It is also likely that your ex-wife's guilt about the pain your son is undergoing in this adjustment is contributing to her inability to listen to his anger. It is essential that she stop attributing your son's anger to you, as this only places him in the middle of your conflict. He is no doubt hurt and angry that his family unit has been shaken. She should expect and accept his anger as a natural part off this transition. But it is also wise to consider if there are any ways you may be fueling his flame due to your own hurt over your wife's actions.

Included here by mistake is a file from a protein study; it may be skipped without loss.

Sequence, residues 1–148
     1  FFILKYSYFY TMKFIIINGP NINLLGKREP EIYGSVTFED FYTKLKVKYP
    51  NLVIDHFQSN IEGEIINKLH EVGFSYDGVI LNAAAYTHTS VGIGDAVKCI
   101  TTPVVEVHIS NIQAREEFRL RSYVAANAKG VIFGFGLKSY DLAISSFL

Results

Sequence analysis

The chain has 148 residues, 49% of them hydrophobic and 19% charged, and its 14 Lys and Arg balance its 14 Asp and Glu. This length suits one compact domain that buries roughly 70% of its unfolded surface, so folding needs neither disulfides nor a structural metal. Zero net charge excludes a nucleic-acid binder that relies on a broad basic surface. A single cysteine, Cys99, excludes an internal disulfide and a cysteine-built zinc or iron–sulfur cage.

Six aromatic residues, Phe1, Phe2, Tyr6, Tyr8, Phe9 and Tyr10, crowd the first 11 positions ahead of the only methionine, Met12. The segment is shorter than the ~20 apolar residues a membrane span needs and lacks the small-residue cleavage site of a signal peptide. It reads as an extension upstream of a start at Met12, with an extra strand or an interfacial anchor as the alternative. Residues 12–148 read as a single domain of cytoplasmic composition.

Consider the fact that you seem to be "taken by surprise" by your wife's decision to leave the marriage. You describe being "informed" which suggests great emotional distance. It is likely that the two of you have been out of touch with each other for some time in your relationship. If so, take responsibility for your lack of awareness regarding your wife's pain. The decision to dissolve a 15 year marriage does not take place "overnight". It is probable that there were warning signs that you may have missed or ignored for one reason or another. Resolve your own sense of "victimization" in the marriage. Accepting your part of the failure in your relationship will allow you to move on without repeating the mistakes which led to such an extreme breakdown in communication.